Broadly, we're trying to use insight from those fields and try and understand how we missed something by making the fairly stark assumptions that economic models usually make. That leads me to what are then the standard economics models? In some sense, what we're going to try and study to some degree is deviations from the classical, or sort of the standard economic model.

So then, of course, we need to understand what is the standard economic model? To start with, which leads me to impart some prerequisites of the class, or you should have taken at least some economics or-- some economics to start with because I'm going to talk a lot about sort of deviations from those models and sort of-- if you haven't taken any class before, don't really know that very well, then understanding the deviations will be a little bit tricky.

So for those of you who have taken economic classes, what do you usually assume about people's behavior? What are some of the assumptions that you make about economic behavior? Yes.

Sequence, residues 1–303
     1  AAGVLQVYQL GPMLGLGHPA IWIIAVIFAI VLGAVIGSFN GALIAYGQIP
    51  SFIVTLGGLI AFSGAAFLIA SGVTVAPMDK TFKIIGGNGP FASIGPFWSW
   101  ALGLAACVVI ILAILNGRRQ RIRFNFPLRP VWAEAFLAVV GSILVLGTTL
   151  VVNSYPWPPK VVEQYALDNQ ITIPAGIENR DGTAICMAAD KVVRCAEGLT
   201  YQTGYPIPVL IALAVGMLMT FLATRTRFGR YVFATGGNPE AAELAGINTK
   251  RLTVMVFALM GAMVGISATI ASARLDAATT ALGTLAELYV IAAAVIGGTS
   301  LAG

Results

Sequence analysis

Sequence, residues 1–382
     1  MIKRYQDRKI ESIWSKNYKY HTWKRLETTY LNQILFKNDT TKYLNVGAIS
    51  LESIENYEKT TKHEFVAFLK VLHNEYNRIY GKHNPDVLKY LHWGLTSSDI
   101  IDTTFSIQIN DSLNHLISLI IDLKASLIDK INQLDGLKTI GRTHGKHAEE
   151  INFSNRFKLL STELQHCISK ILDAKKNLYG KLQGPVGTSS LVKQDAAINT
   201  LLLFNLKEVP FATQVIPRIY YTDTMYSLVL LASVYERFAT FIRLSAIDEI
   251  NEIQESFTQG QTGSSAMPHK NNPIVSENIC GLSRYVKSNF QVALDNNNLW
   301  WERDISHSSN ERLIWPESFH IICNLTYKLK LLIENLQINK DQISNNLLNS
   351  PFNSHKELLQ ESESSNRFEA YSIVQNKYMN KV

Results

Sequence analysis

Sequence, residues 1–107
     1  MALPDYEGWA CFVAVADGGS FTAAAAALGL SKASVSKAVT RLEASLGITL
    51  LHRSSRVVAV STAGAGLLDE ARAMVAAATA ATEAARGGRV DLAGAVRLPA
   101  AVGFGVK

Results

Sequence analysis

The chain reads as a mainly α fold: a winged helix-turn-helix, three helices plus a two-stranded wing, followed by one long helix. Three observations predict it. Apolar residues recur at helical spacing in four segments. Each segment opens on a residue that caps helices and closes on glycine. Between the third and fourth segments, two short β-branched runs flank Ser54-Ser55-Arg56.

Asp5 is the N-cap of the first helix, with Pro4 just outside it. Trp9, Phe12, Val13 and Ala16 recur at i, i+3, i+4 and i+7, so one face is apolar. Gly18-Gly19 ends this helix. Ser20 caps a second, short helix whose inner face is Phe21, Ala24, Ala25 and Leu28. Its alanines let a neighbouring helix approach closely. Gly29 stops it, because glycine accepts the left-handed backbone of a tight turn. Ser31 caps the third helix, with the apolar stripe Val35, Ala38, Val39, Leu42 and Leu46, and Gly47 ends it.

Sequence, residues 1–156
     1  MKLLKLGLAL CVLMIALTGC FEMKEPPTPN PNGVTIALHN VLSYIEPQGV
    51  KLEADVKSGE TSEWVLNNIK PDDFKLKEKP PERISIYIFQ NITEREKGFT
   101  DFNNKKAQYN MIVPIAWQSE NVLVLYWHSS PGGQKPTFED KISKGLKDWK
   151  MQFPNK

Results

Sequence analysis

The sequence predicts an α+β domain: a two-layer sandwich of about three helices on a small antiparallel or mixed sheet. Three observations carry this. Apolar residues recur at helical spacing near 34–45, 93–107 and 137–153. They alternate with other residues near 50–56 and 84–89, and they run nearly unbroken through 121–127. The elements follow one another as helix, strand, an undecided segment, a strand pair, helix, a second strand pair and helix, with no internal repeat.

AUDIENCE: Stable preferences.

FRANK SCHILBACH: Stable preferences, yes. So first, well-defined preferences in the sense of like people know what their preferences are. They can state them. And then they're also stable in the sense of when I ask you today would you rather have apples or bananas, that will not change unless there's sort of new information or your circumstances change.

Of course, if I ask you tomorrow and you already have a bunch of apples, and then you'd say you want bananas, that doesn't mean your preferences of changed. But if I ask you about tomorrow, what would you like for lunch, you tell me a choice, you want apples rather than bananas. And then tomorrow, you show up and nothing else has changed and you say, now, I want bananas. Well then, your preferences are not stable.

That's one assumption, yes. What else do you have? Yeah.

AUDIENCE: More broadly, they're rational.

FRANK SCHILBACH: Yes. And what does that mean?

AUDIENCE: They behaved deterministically to optimize some utility function.